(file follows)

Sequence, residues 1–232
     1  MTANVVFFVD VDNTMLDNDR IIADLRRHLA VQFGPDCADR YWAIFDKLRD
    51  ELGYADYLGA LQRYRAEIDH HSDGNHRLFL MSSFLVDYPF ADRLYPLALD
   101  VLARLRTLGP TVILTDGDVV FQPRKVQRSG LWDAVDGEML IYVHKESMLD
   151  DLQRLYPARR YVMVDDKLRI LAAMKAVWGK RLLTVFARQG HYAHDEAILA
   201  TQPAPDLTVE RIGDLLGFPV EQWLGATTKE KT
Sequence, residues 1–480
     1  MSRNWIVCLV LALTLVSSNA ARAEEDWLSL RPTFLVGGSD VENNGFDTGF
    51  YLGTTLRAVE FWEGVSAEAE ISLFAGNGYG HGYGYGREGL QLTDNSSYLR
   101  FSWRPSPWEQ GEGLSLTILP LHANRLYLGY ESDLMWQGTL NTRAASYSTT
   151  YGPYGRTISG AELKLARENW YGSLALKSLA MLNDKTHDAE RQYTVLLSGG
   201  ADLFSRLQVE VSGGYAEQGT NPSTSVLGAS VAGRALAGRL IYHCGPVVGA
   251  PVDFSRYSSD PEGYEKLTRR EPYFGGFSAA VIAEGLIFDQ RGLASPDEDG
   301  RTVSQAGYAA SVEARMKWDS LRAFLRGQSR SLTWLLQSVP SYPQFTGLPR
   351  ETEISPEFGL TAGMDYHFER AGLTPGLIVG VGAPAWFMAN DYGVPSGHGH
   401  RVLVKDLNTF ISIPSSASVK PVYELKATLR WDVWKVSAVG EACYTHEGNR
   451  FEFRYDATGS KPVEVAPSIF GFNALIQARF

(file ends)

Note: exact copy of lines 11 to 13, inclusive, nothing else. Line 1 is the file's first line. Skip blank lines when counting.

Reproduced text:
   151  YGPYGRTISG AELKLARENW YGSLALKSLA MLNDKTHDAE RQYTVLLSGG
   201  ADLFSRLQVE VSGGYAEQGT NPSTSVLGAS VAGRALAGRL IYHCGPVVGA
   251  PVDFSRYSSD PEGYEKLTRR EPYFGGFSAA VIAEGLIFDQ RGLASPDEDG